>lemon jell-o


Her mother let us bake whatever we wanted in her kitchen. I knew my way around in there because my family lived in the same-but-different sort of power camp house. Those old company houses came with twelve-foot high ceilings, no insulation, and heater boxes mounted underneath the single-pane windows. Bare wood floors and cupboards so tall you had to stand on the counters to reach the good stuff hidden on the top shelf.  Nadine lived more than thirty minutes (by vehicle) downstream from my family’s home. 
We were seven, mixing flour and baking soda with cinnamon and chili pepper and two scoops of powder from a Jell-o box, finding out nothing good could come of that sort of combination. No matter. We also had several science experiments taking place in the bathroom sink. We made jars of  snotty-soap from left-over slivers of Ivory. Spending the weekend at her house was akin to 48 hours of discovery.
I tell her this now, and she tells me my family’s home back then was more magical — with all our noise and laughing and commotion. But back then, I thought nothing could ever happen in my house quietly. In her home, we could spend hours in her bedroom drawing and playing music. Scratch that. She drew, I colored. Even back then, Nadine had the eye of an artist. I sensed it, just didn’t know how to define it. She played the violin; I sat back and listened. Discovery, awe. Adventure. Eventually, I went home and found a way to say: I want to learn to play viola. I want to learn to draw.  I want to learn.
So, some things I never learned, but I did learn to play the viola. And when her family moved to a power camp too far away to visit, we both learned to write novels to each other. In this way, sharing the world of art with each other has never ended.
In art, the sense of discovery is waiting to be found out. I realized this  in her finger-painting, her water colors, (maybe not so much in the way she played violin when she was eight). I sensed it, even, in the way she mixed ingredients in her mother’s kitchen. In scrolling through her online photo albums today, I came across this photo she took last December, eight hundred and fifty-seven miles away. I can smell the cinnamon and lemon Jell-o.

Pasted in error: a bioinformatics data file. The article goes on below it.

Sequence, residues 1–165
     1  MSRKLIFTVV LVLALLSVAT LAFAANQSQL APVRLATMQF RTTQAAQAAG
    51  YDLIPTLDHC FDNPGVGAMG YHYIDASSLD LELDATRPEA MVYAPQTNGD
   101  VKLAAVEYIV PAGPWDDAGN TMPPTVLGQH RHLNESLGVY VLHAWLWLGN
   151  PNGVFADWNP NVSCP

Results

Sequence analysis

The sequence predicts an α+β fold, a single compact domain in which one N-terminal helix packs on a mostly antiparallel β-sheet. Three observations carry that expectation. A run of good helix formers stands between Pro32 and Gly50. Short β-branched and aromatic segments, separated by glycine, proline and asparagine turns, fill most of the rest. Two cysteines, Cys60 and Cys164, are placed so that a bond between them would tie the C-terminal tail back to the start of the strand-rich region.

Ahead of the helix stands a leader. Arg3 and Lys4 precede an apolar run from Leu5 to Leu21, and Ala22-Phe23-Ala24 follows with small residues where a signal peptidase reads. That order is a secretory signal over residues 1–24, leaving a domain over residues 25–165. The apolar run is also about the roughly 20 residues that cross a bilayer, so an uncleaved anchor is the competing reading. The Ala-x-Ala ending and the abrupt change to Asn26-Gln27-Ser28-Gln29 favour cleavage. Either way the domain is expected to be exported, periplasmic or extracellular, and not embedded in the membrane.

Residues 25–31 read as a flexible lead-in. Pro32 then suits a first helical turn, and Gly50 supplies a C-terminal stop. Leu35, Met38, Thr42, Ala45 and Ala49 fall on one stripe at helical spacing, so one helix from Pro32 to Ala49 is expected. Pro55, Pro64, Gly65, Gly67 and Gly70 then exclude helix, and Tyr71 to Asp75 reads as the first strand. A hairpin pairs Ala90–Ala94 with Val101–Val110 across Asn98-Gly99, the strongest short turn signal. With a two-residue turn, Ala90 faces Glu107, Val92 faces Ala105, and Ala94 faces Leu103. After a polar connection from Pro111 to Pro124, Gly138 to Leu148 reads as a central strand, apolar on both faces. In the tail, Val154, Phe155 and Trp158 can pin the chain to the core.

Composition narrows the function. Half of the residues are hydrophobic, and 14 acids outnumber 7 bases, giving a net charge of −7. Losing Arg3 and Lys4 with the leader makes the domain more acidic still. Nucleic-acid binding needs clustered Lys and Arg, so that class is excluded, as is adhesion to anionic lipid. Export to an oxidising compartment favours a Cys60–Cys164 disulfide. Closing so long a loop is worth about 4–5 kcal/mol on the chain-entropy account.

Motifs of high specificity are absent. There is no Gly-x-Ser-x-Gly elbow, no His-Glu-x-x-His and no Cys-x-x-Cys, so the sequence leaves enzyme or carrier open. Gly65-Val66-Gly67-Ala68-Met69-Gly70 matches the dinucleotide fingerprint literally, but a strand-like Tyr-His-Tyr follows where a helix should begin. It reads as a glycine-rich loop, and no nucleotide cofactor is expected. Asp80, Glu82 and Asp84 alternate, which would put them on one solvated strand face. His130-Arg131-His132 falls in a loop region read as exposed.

Photography by Nadine Hergenrider.

About redmitten

author of Cracking Geodes Open, Making Good Use of August, and The Peppermint Bottle. poetry editor for IthacaLit. website: https://toomuchaugust.wordpress.com

6 responses to “>lemon jell-o

  1. >Lovely story, lovely photo.

  2. >Wonderful. I love the cross-outs, too.

  3. >Yes, what Jennifer said. + Freaking gorgeous!I like the new look blog as well. 🙂 very warm and inviting, like oven muffins.

  4. >The sense of sharing what we bring, who we are, does survive over time and distance. We have the renewed joy of seeing their expansion as well as our own.

  5. >thanks everyone! often times something crosses our path, we see a different slice of living and we make new choices. i asked nadine if i could use her photo (i would like to use all her photos and all her artwork). she said yes…and that this photo comes with a note to herself which reminds her to save more apples on the tree for birds each pending winter.

  6. >Hi Sherry,As I was reading this, I was thinking of friends from my early childhood, visiting their homes, and creating artwork. Your post is wonderful, and Nadine's photographs are wonderful (and the artwork I've seen in earlier posts), but the most wonderful thing, to me, is that you have kept in touch with each other all of these years, writing novels to each other.

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